In 2014, we continued to work to grant our athletes more and better opportunities. Our World Taekwondo Grand Prix Series - giving athletes new opportunities in which to compete at the highest level, and even win a little prize money - matured, with tournaments taking place in Suzhou, China; Astana, Kazakhstan; and Manchester, Great Britain. The 2014 Grand Prix Final took place in Queretaro, Mexico.
Queretaro was the location for another event designed to raise the public profile of our athletes: the first-ever WTF Gala Awards Dinner. The same city was the setting for our World Cup Taekwondo Team Championships, which saw some tag-team battles that will go down in the annals of our sport as among the most exciting ever fought.
The WTF endorses universality, and working on the principle that in our sport, "No Athlete is Left Behind", we have been energetically promoting Para-taekwondo. The 5th WTF World Para-Taekwondo Championships in Moscow, Russia were the best-ever.
The inaugural World Cadet Taekwondo Championships, which took place in Baku, Azerbaijan, were also a huge success.
In December 2014, the International Olympic Committee unanimously passed all 40 items that make up the Olympic 2020 Agenda. The WTF fully supports this roadmap for the future of the Olympic Movement.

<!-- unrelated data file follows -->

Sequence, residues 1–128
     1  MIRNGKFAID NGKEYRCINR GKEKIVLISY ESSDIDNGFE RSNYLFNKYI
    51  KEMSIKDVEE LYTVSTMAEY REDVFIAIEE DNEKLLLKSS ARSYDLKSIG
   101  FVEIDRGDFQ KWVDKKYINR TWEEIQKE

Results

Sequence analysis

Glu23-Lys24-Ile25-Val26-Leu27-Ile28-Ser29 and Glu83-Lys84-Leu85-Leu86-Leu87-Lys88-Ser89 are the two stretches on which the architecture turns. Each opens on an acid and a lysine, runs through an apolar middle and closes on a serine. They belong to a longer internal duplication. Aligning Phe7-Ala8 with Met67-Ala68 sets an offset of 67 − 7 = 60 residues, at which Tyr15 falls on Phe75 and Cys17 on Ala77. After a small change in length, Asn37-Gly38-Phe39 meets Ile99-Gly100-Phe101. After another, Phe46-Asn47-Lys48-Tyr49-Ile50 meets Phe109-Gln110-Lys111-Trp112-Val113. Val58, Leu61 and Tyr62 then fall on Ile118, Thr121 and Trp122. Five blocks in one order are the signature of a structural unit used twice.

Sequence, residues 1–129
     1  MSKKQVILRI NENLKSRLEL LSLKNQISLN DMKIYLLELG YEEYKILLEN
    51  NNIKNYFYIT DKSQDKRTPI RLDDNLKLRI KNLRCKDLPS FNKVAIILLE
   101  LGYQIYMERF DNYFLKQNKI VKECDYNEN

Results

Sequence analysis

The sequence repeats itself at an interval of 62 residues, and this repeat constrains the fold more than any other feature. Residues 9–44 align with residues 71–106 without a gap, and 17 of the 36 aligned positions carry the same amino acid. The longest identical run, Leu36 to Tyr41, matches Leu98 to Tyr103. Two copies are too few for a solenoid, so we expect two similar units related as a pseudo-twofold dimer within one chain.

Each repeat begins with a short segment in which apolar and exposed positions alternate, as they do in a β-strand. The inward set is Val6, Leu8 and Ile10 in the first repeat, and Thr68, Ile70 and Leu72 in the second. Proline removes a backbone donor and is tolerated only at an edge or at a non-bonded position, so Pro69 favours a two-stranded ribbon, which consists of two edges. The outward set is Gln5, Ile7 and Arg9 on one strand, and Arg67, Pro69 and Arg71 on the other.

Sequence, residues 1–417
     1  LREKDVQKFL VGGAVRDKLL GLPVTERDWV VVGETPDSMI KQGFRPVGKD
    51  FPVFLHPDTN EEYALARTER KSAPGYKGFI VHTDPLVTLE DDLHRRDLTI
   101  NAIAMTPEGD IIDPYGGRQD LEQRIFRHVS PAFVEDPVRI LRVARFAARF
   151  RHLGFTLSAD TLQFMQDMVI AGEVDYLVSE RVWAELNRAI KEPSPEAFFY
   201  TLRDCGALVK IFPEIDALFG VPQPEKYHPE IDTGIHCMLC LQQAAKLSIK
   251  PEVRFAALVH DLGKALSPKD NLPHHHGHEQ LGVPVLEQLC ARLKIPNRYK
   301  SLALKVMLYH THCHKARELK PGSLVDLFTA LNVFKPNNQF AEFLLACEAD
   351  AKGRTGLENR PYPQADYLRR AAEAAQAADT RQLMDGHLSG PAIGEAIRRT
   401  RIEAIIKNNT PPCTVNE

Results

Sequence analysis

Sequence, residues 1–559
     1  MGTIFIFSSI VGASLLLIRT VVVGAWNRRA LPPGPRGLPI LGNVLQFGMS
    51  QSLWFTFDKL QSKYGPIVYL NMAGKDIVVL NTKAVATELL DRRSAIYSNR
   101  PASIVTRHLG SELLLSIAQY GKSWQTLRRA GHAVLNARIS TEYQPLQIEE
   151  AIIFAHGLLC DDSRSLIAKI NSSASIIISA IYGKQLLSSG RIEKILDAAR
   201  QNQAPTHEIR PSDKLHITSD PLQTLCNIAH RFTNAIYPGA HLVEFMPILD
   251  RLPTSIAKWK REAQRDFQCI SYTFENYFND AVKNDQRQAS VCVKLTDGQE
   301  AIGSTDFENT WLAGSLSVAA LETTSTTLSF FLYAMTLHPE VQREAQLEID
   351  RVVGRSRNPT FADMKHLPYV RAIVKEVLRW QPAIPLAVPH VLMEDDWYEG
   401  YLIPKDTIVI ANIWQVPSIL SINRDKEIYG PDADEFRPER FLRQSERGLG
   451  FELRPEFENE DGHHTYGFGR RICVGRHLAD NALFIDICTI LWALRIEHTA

The year ahead of us is shaping up to be another exciting one for the WTF.
In 2015, our top event will be the World Taekwondo Championships in Chelyabinsk, Russia in May. As this will be the biggest event prior to the Rio 2016 Olympics, I eagerly anticipate some spectacular action. The Championships will use the octagonal rings and the electronic headgear, which was first used at the Manchester Grand Prix Series in 2014.
We will see the 2015 Grand Prix Series take place in Moscow, Russia in August; Samsun, Turkey in September; and in Manchester, Great Britain in October. The 2015 Grand Prix Final and the 2nd WTF Gala Awards Dinner will take place in Mexico City, Mexico in December.
We are also going all-out to place Para-taekwondo on the official programme of the 2020 Tokyo Paralympics. We will find out early in 2015 whether our application has been successful, so please cross your fingers. But regardless of that result, we are going to maintain our current dedicated focus on Para-taekwondo, ensuring that ever more disabled athletes get the opportunity to take part.
Now I think the time has come for a major paradigm shift in how the WTF oversees, administers and promotes taekwondo.
After taking office in 2004, I had two chief aims. The first was to ensure fairness and transparency in referring, judging and administration. The second was to ensure that taekwondo was as exciting and dynamic as possible. I think it is fair to say that we are almost there on both counts.
Thanks to colossal efforts over decades, taekwondo has become one of the world's top participation sports. Now, it is time to build upon that foundation and make it one of the world's top spectator sports.
This means making our events more media-friendly and upgrading marketing and promotion to lure the crowds. And this means giving our elite athletes the exposure they deserve, by helping them become taekwondo stars. In this regard, we will further activate our tag-team matches.
To be sure, this directional shift is going to require different mindsets to those the WTF has employed thus far; this new goal represents a towering challenge. To achieve it, the WTF leadership hopes to leverage the full support of the global taekwondo family.
I wish all members of the WTF family a successful and prosperous 2015.